ii. Use of e-IDs – a number of jurisdictions have developed electronic identification systems (i.e., systems that allow an individual to provide evidence of his/her identity remotely). Personal identification data is encrypted and is either stored on electronic devices (e.g., electronic chips embedded in identification documents, mobile phones, etc.) or is otherwise accessed through the use of a set of credentials associated with the given individual;[19]

iii. Verification of Identity Platforms – this is carried out by engaging the services of a third party, i.e. through an outsourcing arrangement that meets the conditions set out in Chapter 6 (on outsourcing) of the Implementing Procedures. The subject person can engage a third party to carry out the verification process with respect to its customers. However, it could also include the use of software solutions or platforms through which individuals can have their identity verified and which enables them to hold identification information, data, and documentation through that solution or platform. Individuals may then allow subject persons to access this identification information, data and documentation to verify their identity, when requesting the carrying out of an occasional transaction or the establishment of a business relationship.[20]

While the electronic verification of identity procedures contemplated by the FIAU in their Implementing Procedures require the use of specialised commercial electronic databases, that satisfy the requirements of the Implementing Procedures, the other verification of identity options are more readily available, especially nowadays where more and more firms that may, prior to the pandemic, not have been geared up for remote working are increasingly becoming more ‘online’ in their presence as a result of the current novel coronavirus pandemic.

The FIAU has recognised the challenges being faced by subject persons in the current climate and on 7th May 2020, it published a guidance note, titled ‘COVID-19: Remaining Vigilant against a Changing Criminal Landscape’, which is published on its website on this link.

This document essentially provides guidance to all subject persons on various obligations they must adhere to during the current challenging circumstances brought about by the novel COVID-19 pandemic. This guidance note is divided into three parts:

A. an outline of some examples of the criminal impact of COVID-19, i.e. a non-exhaustive list of different types of illicit behaviour and new criminal activities and trends that are being noted across Europe;

B. guidance on how subject persons may mitigate money laundering and terrorist financing risks; and

C. a reminder to subject persons that the FIAU Implementing Procedures Part I provide for remote onboarding procedures, which, they suggest, can easily be resorted to in the current circumstances.

According to the FIAU, since COVID-19 has drastically changed the mode of doing business throughout the world, with most subject persons, authorities, agencies, and businesses now working remotely from home, and imposed social distancing measures restricting the meeting of people, with a resultant surge in virtual meetings, the traditionally used methods of identification and verification procedures, have become increasingly difficult, if not impossible, to adopt. In its guidance note the FIAU reminds subject persons that, utilised to their fullest, the FIAU Implementing Procedures provide the flexibility needed for subject persons to adapt to such changes while at the same time remaining effective against ML/FT.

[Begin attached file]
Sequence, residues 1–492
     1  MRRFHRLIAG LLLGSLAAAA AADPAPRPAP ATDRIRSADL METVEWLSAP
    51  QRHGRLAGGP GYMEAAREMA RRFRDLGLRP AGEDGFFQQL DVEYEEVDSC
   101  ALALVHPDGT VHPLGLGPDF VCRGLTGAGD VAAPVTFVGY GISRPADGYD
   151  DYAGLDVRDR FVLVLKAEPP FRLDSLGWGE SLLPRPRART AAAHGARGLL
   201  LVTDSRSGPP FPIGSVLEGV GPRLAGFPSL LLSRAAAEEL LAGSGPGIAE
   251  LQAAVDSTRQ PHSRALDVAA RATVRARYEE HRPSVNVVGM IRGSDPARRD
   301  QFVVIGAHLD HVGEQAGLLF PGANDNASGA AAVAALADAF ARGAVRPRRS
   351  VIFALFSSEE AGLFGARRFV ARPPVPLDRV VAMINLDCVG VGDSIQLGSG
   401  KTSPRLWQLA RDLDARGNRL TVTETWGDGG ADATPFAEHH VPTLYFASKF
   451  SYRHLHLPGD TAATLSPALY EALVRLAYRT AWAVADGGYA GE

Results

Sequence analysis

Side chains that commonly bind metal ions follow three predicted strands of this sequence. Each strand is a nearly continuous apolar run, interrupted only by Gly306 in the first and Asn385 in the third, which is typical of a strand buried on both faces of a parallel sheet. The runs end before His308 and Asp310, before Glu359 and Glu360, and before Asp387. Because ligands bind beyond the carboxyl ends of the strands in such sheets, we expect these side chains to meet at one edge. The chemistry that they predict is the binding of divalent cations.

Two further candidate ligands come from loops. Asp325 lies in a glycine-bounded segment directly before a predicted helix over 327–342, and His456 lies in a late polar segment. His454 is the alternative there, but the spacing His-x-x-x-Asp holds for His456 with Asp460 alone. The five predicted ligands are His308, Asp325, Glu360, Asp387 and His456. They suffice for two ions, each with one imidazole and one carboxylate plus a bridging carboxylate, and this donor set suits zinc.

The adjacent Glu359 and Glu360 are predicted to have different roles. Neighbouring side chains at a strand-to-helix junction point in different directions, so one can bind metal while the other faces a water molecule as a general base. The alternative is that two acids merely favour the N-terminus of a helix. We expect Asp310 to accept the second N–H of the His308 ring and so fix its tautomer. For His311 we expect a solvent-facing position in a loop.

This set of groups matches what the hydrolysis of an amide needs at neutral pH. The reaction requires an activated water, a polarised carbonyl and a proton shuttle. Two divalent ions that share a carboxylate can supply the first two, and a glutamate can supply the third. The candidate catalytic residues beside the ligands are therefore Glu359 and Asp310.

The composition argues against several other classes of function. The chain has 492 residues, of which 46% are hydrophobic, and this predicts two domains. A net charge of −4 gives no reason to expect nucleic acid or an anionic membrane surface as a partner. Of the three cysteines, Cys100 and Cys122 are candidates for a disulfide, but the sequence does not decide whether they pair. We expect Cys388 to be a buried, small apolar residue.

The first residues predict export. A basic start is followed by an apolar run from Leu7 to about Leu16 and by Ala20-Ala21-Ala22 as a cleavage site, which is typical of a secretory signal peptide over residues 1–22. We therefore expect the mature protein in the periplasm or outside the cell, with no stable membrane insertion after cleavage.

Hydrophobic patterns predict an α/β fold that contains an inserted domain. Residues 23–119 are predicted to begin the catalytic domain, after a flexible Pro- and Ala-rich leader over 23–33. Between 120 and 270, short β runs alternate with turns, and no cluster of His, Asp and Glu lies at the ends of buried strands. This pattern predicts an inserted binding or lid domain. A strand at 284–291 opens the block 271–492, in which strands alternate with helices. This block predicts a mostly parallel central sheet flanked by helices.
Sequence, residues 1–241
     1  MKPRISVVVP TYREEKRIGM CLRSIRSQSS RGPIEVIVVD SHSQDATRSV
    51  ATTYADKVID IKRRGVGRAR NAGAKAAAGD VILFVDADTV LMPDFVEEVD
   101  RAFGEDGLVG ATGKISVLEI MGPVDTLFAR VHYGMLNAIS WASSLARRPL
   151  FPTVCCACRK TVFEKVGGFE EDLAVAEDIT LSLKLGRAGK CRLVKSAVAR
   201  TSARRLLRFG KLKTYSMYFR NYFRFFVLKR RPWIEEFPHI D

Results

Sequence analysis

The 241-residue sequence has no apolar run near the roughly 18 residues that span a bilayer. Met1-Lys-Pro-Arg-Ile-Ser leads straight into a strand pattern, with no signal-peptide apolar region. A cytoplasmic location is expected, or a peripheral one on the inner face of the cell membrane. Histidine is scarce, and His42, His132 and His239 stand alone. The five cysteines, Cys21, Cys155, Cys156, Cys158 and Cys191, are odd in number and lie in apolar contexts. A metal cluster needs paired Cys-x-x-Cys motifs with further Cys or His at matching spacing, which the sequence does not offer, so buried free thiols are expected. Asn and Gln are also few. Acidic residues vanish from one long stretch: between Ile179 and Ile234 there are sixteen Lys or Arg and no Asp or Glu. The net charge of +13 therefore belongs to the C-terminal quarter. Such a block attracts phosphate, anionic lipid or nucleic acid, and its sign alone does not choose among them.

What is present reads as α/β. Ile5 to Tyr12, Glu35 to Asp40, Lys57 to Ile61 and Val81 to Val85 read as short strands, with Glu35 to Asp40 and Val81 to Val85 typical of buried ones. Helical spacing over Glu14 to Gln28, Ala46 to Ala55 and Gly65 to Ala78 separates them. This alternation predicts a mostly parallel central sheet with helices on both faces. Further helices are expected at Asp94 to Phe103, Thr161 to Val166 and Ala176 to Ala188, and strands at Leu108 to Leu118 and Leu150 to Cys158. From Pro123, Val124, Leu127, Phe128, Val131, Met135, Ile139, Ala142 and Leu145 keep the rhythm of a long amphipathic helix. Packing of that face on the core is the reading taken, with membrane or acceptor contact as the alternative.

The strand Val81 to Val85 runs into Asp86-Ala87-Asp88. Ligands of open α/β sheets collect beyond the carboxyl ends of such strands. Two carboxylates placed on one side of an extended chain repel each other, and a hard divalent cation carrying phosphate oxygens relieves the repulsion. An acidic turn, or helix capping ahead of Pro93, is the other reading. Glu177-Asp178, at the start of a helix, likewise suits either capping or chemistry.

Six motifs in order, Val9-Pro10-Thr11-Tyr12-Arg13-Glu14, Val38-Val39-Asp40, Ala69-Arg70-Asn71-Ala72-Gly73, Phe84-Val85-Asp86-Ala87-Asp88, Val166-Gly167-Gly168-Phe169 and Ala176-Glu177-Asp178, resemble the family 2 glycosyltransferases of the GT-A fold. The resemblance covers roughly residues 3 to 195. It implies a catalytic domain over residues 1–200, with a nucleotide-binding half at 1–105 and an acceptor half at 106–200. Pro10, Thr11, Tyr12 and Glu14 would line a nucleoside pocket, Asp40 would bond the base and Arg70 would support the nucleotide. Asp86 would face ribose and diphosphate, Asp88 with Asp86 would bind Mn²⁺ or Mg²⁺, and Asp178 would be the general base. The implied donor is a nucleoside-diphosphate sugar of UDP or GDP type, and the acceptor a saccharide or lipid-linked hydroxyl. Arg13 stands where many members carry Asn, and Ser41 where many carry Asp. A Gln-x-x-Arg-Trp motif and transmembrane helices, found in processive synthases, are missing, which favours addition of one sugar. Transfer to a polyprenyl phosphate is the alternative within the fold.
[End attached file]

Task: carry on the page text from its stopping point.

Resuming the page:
In fact, many subject persons may be unaware of the various paperless options, provided in the FIAU Implementing Procedures, that can be used to conduct a CDD exercise. Now is indeed the time, more than ever, for subject persons to resort to these alternative CDD measures, even to safeguard the health of all those involved. The above options should increasingly be resorted to, not only now due to the ever-changing COVID-19 measures and restrictions, but even going forward as a new means of conducting one’s CDD in the 21st century, where technological developments are overtaking the more traditional methods, and where everything is moving towards a paperless society. The advantages to this are many: besides being more environmentally friendly, it is less costly, more efficient, less bureaucratic, and a more expeditious service.



[1] Page 39 of FIAU Implementing Procedures, section 3.2.4.

[2] Page 39 of FIAU Implementing Procedures, section 3.2.4.

[3] Page 101 of FIAU Implementing Procedures, section (i), which cross-refers to section (i).

[4] Page 102-103 of FIAU Implementing Procedures, section (i).

[5] Page 104 of FIAU Implementing Procedures, section (i).

[6] Page 104 of FIAU Implementing Procedures, section

[7] Page 104 of FIAU Implementing Procedures, section

[8] Page 104 of FIAU Implementing Procedures, section

[9] Page 105 of FIAU Implementing Procedures, section

[10] Page 105 of FIAU Implementing Procedures, section

[11] Page 105 of FIAU Implementing Procedures, section

[12] Page 105 of FIAU Implementing Procedures, section

[13] Page 106 of FIAU Implementing Procedures, section

[14] Page 106 of FIAU Implementing Procedures, section

[15] Page 106 of FIAU Implementing Procedures, section

[16] Page 105 of FIAU Implementing Procedures, section Subject persons are invited by the FIAU to refer to Section of the Implementing Procedures for guidance on authenticity checks that may be carried out manually by the subject person.

[17] Page 105 of FIAU Implementing Procedures, section

[18] Page 108 of FIAU Implementing Procedures, section

[19] Page 109 of FIAU Implementing Procedures, section

[20] Page 109 of FIAU Implementing Procedures, section